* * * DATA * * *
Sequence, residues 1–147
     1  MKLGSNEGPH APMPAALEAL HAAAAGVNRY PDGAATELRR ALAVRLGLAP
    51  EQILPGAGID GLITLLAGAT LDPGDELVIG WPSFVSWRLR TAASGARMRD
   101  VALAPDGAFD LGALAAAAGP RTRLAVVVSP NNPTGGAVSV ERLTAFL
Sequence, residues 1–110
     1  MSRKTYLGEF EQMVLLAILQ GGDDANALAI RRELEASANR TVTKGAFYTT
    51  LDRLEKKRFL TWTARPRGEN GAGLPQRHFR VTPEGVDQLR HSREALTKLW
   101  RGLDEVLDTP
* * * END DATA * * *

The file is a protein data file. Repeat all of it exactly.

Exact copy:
Sequence, residues 1–147
     1  MKLGSNEGPH APMPAALEAL HAAAAGVNRY PDGAATELRR ALAVRLGLAP
    51  EQILPGAGID GLITLLAGAT LDPGDELVIG WPSFVSWRLR TAASGARMRD
   101  VALAPDGAFD LGALAAAAGP RTRLAVVVSP NNPTGGAVSV ERLTAFL
Sequence, residues 1–110
     1  MSRKTYLGEF EQMVLLAILQ GGDDANALAI RRELEASANR TVTKGAFYTT
    51  LDRLEKKRFL TWTARPRGEN GAGLPQRHFR VTPEGVDQLR HSREALTKLW
   101  RGLDEVLDTP